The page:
Witnessing Victory on Dhaka Narshingdi road

Published : 19 Dec 2019 07:15 PM | Updated : 07 Sep 2020 08:42 PM

I have had the privilege of witnessing some small battles and then the final push for Victory from various locations on the Dhaka Narshingdi road during the nine-month long liberation war. Some families had taken shelter in some remote villages under Araihazar thana and from our hideouts we had watched the first guerrilla attack on Pakistani forces.       

 In fact, the first guerrilla encounter took place in Bagbari and Palbari near Madhobdi on the highway on April 14 when the Pakistani forces were on way to Narsingdi by road. The local forces and freedom fighters resisted the invading forces, killed some soldiers and destroyed two vehicles. We had witnessed the battle sitting low in a village only 2 kilometer from the battle ground. There was a very large open space between the place where the convoy was attacked and we were sitting. Regarding this battle a newspaper articles says, “After one day, the Pakistani forces again attacked the freedom fighters and in face of heavy bombing, the freedom fighters were compelled to retreat from their position. And as a result, Pakistani forces were able to set up camps in different places on the road. During the nine-month war, the Pakistani forces killed many people in the adjacent villages and dumped the dead bodies in the River Meghna.”

In the middle of July, a team of guerrilla fighters came under cover of darkness and planted dynamites under the bridge near Pachrukhi bazaar, which was located only one kilometer from where we had taken shelter. Around midnight, the deafening sound of explosion had travelled ten square miles all around. Pakistani army came in the morning from Narshingdi base camp and took control of the bazaar. They had arrested some young men from the nearby villages and shot them dead in front of all the village people. Within one month they had installed a baily bridge on the wide canal as the road was the main route between Dhaka and Narshingdi.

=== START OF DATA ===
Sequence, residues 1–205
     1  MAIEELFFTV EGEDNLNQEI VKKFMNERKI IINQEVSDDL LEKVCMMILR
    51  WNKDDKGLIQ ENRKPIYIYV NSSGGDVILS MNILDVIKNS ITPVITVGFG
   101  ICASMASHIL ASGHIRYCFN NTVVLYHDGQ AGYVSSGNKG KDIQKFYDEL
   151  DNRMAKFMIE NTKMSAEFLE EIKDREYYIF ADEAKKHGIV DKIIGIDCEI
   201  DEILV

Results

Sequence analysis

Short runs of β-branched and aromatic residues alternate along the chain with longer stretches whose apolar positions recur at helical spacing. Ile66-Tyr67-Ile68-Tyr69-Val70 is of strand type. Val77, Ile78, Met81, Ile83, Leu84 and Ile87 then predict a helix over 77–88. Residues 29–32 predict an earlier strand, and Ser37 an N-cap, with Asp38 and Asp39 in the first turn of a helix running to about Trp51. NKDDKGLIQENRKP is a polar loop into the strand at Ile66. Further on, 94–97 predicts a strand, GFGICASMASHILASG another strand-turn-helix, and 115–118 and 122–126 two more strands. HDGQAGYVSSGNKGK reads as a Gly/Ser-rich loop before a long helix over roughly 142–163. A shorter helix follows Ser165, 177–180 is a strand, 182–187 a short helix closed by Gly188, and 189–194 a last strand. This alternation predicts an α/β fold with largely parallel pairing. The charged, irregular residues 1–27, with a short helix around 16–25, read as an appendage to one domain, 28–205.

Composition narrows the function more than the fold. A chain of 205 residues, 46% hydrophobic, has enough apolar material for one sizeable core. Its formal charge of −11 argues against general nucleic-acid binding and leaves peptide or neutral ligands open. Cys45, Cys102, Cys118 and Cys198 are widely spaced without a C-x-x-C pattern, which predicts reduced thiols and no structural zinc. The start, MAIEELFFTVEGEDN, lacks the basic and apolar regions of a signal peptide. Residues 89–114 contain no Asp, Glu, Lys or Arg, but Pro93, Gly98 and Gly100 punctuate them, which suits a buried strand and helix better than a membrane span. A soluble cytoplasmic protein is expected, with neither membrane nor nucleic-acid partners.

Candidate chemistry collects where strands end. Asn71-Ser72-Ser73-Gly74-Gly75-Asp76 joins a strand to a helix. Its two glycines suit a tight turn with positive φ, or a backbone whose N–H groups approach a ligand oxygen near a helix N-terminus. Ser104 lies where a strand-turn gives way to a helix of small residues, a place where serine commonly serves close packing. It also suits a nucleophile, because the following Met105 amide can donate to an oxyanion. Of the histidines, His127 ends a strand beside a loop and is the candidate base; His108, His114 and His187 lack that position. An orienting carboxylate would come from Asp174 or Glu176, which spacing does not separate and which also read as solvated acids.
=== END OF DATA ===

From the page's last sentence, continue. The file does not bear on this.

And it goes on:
In September, something unusual happened on the road. Two Pakistani soldiers had gone to Narshingdi army camp from Pachrukhi bazaar to fetch a heavy machinegun. One group of freedom fighters came to know of the plan. When the Bus carrying the Pakistani soldiers had reached near Purinda bazaar, two Mukti bahini boys brought out two loaded sub-machineguns from under their woolen shawl and shot the soldiers point-blank inside the moving bus. The soldiers could not even move in their seats as they got the bullets. The bus stopped and everyone including the driver fled through the villages on both sides of the road. No one ever heard of the two courageous boys. Pakistani soldiers arrived from Narshingdi and started firing indiscriminately  at the houses in the villages. A number of people thus got killed that day.